Cold-rolled steels are best used when a highly complicated design must be constructed because it cools more uniformly than hot-rolled steel. It works great for items such as automotive components or home appliances. In addition, its sleek and polished appearance offers an attractive, modern aesthetic. However, it is not as hard as hot-rolled steel and in addition, tends to be placed at a higher price point.


When selecting which type of steel is right for you, you should carefully consider what qualities are needed for your project or product requirements, since these can vary widely. If it’s construction equipment or materials, hot-rolled steel is likely a great option. However, if you need something with a highly-specialized design, cold-rolled steel may just be a more attractive alternative.

Things to Remember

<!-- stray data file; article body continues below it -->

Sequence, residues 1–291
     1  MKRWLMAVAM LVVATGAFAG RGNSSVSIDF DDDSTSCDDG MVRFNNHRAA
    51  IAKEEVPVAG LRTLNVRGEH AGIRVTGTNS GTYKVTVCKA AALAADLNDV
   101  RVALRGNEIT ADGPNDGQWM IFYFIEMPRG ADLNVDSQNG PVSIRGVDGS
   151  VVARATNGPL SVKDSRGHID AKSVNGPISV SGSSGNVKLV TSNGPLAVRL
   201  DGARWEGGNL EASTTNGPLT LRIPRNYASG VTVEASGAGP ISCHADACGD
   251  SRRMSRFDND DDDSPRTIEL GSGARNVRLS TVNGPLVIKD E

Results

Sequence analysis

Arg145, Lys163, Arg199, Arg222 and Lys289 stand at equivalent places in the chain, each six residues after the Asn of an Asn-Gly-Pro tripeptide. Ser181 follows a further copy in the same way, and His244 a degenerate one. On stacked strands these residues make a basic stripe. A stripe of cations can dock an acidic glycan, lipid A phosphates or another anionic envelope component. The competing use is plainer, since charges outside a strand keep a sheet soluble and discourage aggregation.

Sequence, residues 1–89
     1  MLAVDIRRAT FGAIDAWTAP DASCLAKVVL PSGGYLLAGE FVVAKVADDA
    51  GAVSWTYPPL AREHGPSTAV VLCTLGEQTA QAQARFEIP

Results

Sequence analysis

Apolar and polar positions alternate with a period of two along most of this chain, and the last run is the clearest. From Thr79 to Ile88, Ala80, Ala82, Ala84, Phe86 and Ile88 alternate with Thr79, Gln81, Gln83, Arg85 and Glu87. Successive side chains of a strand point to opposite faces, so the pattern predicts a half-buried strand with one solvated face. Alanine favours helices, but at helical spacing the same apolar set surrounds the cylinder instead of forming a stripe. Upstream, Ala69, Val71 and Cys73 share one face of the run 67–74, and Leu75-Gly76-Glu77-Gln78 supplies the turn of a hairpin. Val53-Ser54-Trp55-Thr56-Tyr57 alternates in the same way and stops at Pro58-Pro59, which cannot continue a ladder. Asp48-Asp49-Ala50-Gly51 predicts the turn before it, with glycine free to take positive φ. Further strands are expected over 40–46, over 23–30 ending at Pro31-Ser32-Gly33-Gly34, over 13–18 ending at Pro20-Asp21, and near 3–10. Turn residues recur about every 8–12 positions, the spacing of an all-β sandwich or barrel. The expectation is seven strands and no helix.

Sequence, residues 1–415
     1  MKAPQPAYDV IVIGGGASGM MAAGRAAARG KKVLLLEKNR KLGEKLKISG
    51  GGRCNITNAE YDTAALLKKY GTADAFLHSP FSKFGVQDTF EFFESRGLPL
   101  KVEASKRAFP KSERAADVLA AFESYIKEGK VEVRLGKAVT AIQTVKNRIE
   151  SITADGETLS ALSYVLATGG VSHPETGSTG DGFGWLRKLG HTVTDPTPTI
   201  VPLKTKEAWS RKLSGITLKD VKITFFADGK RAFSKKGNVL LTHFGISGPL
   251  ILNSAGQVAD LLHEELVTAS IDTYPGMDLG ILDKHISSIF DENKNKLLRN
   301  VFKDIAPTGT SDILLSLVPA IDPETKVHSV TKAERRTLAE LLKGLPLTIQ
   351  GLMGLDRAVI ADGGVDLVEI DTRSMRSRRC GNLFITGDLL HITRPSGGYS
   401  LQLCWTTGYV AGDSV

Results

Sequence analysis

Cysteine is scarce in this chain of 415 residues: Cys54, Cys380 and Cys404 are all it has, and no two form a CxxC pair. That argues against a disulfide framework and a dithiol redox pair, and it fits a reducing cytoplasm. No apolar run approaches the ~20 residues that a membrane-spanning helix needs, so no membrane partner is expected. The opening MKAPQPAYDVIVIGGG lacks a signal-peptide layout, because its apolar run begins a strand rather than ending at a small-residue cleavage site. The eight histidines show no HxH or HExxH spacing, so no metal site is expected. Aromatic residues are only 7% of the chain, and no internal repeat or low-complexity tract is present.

There are also a few things that you should always keep in mind when deciding between hot or cold-rolled steel. The biggest thing to remember is that hot-rolled steel simply just isn’t suited for certain applications. In general, you should avoid using hot-rolled steel for any projects that require highly-detailed or very intrinsic molding. Hot-rolled steel doesn’t offer as much design accuracy as cold-rolled steel does, so you may not be able to get the exact design you want. In addition, hot-rolled steel is also much rougher to the touch than steel that has been cold-rolled, because of how much faster it is cooled. However, hot-rolled steel also tends to be more affordable for large projects and is fast and extremely easy to mold. Ultimately you should take all of your project’s factors into consideration in order to decide what steel is right for you!